Logo of the Project Beyond Matter

BEYOND MATTER is an international, collaborative, practice-based research project that takes cultural heritage and culture in development to the verge of virtual reality that is being carried out since 2019 until 2023.

It does this by reflecting on the virtual condition with a specific emphasis on its spatial aspects in art production, curating, and mediation via numerous activities and formats, including the digital revival of selected past landmark exhibitions, art and archival exhibitions, conferences, artist residency programs, an online platform, and publications.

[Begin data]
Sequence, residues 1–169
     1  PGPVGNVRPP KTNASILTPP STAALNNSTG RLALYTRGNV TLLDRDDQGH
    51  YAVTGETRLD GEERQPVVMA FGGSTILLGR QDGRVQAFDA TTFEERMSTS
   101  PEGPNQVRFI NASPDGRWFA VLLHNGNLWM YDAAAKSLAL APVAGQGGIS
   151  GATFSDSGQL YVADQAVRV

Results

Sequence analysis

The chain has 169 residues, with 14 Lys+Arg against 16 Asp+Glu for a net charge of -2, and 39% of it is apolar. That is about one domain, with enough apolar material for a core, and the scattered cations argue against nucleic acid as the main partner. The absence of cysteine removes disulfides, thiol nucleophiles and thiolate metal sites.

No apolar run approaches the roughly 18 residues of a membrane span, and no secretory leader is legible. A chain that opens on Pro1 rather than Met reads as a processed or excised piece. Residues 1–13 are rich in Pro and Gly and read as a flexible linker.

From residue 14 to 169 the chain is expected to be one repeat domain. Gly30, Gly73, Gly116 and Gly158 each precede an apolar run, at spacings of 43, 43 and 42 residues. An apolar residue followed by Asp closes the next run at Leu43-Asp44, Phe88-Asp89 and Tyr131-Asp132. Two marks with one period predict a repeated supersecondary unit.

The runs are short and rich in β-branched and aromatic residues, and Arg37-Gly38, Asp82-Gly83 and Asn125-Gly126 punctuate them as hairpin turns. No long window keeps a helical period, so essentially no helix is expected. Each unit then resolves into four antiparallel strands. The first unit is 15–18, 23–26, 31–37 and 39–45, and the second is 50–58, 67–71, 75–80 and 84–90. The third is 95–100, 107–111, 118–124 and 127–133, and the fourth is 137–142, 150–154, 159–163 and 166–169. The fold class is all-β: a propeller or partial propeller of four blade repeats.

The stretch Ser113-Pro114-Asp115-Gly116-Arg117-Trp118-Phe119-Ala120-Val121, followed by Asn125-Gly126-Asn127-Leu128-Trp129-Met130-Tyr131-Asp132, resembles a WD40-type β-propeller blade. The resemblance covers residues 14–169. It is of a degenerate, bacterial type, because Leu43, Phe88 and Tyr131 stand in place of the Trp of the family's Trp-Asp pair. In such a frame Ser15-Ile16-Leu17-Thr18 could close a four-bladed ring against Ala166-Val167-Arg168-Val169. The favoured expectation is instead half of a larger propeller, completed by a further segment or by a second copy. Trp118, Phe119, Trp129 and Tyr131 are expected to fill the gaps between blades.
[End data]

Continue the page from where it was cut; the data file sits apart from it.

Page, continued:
The BM Residency Program enables fellows to develop an artistic or curatorial project in collaboration with one of the three participating partner institutions – Tirana Art Lab, the Tallinn Art Hall and ZKM | Karlsruhe – in order to examine the underlying questions posed by the »Beyond Matter« project: How can virtual reality tools and digitization contribute to developing artistic practices that question materiality and offer possible ways to shift the discourse into other dimensions such as experience, visualization, imagination, sensory perception, atmosphere, or  spirituality? How can artistic practices using virtual reality contribute to current political and social discourses? What is the potential of virtual reality within the art field? And how can virtual reality serve as a media basis for overcoming physicality and temporality in order to create  something new based on today's possibilities? What can VR stand for? Virtual Reality, Variable Relations, Vertical Radiation, Valid Readings, Vaporous Restoration, Visible Revision? With this residency we invite applicants to consider not only the multivalent applications of the  latest  representational systems, but also how they can be expanded. The future applications must be conceived as versatile as their fields of application are constituted. That is why the search is not for one answer, but for many solutions.